I’ve been long interested with the mangroves of El Nido. Yes, the place is most known mainly for it’s dramatic karst islands, blue lagoons and scenic beaches. But El Nido also has a rich mangrove eco-system. I was originally looking for a way to visit the Aberawan Mangroves but it’s not a popular tour and could cost me a lot. I was told of the Wakat Wakat Mangroves of Bubulungan, just at the border of El Nido town proper. Decided to spend an afternoon to look for this place.
Wakat Wakat Mangroves
It was Mavic, of Islanen Tours who told me about the name of the place. I learned later that “Wakat Wakat” is a local term which describes the large roots of the mangrove trees above the water. Hence they call this said area Wakat Wakat because of the vast concentration of mangroves in the area. It didn’t take long for me to figure out where it was. Lakas ng Trip called the place Mangrove Eco Park but there is no final name yet. The facade of the entrance was only about 400–500 meters from the newly opened Bay View hotel and jump-off trail to Marimegmeg Beach.
There was a signage there that the place wasn’t operational yet and doesn’t allow guest. Fortunately, the caretaker saw me and I was told that it was alright to visit. They put up the sign because sometimes foreigners would just go in without their knowing. So guests are welcome as long as they inform the caretakers of the area. There’s also eight cottages there which I was told are owned by the same owners of Orange Pearl resort. It’s been there for a while but they don’t know when it would open. The mangrove park however is open for the public and would soon be promoted as a park.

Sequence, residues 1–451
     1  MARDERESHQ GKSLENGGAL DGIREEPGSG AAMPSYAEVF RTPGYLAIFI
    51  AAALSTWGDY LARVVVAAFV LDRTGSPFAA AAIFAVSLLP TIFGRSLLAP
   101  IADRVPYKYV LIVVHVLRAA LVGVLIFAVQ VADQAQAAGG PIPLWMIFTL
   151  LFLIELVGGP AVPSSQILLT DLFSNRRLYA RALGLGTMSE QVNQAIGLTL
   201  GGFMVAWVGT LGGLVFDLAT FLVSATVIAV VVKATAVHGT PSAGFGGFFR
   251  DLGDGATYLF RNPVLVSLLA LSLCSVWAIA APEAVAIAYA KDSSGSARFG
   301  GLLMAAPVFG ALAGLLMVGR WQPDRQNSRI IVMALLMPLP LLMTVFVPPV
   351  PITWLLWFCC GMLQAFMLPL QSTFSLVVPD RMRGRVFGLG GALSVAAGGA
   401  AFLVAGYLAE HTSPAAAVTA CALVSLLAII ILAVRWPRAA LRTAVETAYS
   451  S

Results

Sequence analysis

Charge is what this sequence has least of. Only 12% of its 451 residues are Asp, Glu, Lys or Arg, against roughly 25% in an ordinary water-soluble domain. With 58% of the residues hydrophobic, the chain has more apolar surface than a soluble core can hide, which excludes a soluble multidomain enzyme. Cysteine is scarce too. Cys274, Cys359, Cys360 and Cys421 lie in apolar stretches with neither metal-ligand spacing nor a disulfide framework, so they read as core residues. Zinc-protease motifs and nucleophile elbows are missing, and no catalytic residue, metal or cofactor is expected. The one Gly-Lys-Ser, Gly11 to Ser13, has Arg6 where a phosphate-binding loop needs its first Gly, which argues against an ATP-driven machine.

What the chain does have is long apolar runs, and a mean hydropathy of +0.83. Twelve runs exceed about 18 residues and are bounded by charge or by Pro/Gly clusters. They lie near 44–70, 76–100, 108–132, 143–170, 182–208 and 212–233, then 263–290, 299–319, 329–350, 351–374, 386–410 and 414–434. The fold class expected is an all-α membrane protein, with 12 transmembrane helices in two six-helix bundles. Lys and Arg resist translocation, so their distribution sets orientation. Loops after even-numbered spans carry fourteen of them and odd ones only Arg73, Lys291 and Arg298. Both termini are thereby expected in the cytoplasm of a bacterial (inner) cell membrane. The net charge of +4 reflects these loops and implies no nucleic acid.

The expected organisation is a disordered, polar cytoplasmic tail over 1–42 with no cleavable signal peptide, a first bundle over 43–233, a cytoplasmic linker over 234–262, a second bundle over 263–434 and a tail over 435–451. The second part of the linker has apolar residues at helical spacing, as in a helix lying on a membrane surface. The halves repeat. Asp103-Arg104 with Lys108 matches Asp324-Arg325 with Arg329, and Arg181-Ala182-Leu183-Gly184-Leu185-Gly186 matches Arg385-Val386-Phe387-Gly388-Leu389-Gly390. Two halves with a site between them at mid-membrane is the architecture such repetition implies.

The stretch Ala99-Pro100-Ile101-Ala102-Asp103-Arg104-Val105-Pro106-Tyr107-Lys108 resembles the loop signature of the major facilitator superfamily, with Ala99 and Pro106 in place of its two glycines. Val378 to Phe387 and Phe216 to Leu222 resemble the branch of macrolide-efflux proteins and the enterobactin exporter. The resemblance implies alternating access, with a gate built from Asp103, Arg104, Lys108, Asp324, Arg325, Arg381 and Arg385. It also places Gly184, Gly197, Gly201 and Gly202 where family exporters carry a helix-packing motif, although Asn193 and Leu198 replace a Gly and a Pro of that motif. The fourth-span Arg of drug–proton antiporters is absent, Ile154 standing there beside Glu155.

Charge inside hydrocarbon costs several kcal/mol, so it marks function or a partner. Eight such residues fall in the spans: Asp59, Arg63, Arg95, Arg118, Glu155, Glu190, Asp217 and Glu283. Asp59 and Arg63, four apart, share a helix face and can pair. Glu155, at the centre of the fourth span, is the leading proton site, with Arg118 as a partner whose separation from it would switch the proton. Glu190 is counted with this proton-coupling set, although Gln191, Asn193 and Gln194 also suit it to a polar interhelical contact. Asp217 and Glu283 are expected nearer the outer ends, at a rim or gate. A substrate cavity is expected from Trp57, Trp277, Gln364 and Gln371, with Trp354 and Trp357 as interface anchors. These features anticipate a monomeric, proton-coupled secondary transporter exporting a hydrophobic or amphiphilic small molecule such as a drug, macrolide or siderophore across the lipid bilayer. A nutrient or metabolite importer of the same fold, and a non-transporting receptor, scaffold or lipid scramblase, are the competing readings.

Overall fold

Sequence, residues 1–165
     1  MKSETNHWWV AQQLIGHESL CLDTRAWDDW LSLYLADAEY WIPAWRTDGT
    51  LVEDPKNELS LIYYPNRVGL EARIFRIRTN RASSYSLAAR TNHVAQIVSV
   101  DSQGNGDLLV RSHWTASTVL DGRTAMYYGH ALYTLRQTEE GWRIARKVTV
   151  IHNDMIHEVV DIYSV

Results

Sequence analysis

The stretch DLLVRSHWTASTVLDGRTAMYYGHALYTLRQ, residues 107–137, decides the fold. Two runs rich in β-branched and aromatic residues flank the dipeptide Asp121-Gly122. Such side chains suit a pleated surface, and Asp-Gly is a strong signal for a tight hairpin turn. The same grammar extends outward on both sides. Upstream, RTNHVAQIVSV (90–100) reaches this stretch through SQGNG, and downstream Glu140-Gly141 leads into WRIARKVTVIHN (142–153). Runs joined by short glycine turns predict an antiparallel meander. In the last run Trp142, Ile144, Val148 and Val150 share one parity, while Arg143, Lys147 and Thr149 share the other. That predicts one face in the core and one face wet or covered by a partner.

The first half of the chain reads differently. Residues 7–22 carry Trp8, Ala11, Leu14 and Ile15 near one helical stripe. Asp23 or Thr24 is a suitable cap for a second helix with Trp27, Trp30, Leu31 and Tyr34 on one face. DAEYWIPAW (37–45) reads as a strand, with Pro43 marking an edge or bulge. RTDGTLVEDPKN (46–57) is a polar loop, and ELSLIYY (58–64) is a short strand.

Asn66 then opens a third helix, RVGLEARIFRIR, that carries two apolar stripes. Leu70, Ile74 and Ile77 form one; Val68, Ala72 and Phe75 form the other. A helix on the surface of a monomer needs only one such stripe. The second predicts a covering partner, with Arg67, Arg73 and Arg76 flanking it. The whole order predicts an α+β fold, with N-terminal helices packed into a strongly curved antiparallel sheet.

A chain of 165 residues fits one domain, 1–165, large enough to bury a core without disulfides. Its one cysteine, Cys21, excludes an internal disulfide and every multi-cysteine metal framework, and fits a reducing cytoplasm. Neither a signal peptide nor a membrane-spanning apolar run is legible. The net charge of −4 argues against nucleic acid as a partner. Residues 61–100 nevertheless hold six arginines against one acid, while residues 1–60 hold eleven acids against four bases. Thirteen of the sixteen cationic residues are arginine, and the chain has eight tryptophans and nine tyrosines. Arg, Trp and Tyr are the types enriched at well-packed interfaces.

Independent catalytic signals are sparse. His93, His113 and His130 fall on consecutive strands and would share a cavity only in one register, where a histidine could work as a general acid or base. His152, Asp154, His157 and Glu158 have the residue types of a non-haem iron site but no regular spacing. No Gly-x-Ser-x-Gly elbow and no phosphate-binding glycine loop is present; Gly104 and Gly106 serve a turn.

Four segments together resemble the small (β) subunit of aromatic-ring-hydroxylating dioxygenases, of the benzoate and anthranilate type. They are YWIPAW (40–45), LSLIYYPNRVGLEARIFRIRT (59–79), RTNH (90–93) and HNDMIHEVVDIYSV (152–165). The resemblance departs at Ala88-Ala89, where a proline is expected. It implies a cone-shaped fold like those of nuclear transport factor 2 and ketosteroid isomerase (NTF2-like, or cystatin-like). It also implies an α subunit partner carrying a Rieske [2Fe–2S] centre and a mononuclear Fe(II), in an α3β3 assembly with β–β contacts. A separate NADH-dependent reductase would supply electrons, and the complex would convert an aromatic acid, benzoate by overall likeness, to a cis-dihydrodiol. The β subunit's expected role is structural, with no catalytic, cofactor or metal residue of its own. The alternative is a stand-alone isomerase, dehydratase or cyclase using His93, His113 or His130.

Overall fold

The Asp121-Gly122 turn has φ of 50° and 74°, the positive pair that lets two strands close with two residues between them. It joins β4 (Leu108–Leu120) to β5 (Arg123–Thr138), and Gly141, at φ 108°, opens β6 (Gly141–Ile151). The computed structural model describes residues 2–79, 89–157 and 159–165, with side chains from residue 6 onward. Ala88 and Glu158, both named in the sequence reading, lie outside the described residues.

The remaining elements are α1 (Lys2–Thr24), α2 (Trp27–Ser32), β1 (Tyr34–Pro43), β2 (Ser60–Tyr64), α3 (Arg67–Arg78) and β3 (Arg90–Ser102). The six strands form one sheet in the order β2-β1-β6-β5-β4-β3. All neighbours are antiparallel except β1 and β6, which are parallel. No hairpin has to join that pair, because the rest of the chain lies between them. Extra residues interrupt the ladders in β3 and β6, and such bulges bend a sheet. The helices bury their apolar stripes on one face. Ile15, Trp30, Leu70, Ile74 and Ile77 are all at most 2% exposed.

I proceeded to the boardwalk and entered the forest of mangroves. It was both eerie and fascinating being inside these towering trees which I think are really old basing on their height. I tried to move carefully not to make any noise as there might be some interesting birds in the area. The caretaker warned me that sometimes a few monkeys would be in the area especially if its a small group. Unfortunately I didn’t see one. I do feel the relief of being in a zone where oxygen is more than 20x richer and cleaner. I had my GPS on the whole time and measured the distance until the end point where a small port is found. Probably for boats but it would also be interesting if they have kayaks here to paddle along the mangroves. An estimate measure from my GPS, the boardwalk length is about 300 meters and ends up near the open sea already.
Going to Wakat Wakat Mangroves
- Like I mentioned earlier, if coming from El Nido town, it’s past, further the jump-off trail to Marimegmeg Beach. It’s actually walkable at half a kilometer.
- The place doesn’t officially have a name yet but locals call the place Wakat Wakat Bakawan (mangroves).
- At the moment there are no entrance fees yet but be courteous and ask permission before entering the area.
Ferdz Decena is an award-winning travel photographer, writer and blogger. His works has found print in publications such as Singapore Airlines’s Silver Kris, Philippine Airlines’ Mabuhay, Cebu Pacific’s Smile and Seair InFlight. He has also lent his expertise to various organizations like the Oceana Philippines, Lopez Group Foundation, Save the Children and World Vision, contributing quality images for their marketing materials.